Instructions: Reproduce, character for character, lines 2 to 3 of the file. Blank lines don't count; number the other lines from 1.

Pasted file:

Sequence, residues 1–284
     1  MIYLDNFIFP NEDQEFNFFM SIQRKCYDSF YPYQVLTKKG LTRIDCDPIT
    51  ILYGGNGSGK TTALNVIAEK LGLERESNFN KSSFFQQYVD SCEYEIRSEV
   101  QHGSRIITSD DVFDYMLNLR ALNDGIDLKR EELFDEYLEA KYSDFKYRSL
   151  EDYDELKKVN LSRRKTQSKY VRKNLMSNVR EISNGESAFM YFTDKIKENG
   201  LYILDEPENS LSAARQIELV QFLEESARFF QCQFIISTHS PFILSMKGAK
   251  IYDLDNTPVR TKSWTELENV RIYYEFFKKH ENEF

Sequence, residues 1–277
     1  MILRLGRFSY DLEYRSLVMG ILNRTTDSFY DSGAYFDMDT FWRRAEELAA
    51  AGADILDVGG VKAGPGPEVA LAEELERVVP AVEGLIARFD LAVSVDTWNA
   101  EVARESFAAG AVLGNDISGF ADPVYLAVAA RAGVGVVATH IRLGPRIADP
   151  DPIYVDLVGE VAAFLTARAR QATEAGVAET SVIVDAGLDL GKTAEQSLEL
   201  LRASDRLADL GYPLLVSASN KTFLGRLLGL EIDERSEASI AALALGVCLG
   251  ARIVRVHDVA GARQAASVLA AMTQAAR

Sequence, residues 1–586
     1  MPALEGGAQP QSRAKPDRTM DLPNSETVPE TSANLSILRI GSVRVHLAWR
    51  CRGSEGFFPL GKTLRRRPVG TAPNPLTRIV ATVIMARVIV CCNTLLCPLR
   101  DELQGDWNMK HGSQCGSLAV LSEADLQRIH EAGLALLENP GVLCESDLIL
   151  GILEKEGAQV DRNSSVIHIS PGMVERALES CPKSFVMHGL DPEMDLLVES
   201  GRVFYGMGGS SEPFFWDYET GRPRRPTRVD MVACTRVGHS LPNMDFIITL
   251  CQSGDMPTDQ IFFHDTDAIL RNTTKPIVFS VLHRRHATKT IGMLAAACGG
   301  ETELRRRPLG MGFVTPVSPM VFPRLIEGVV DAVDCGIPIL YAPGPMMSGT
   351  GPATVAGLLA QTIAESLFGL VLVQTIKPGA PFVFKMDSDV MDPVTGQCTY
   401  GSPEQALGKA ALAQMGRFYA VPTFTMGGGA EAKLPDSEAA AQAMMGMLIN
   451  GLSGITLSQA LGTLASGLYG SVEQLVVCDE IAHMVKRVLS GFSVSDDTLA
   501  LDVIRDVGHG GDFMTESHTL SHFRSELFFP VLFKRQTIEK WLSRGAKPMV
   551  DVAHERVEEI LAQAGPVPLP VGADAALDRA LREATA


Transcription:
     1  MIYLDNFIFP NEDQEFNFFM SIQRKCYDSF YPYQVLTKKG LTRIDCDPIT
    51  ILYGGNGSGK TTALNVIAEK LGLERESNFN KSSFFQQYVD SCEYEIRSEV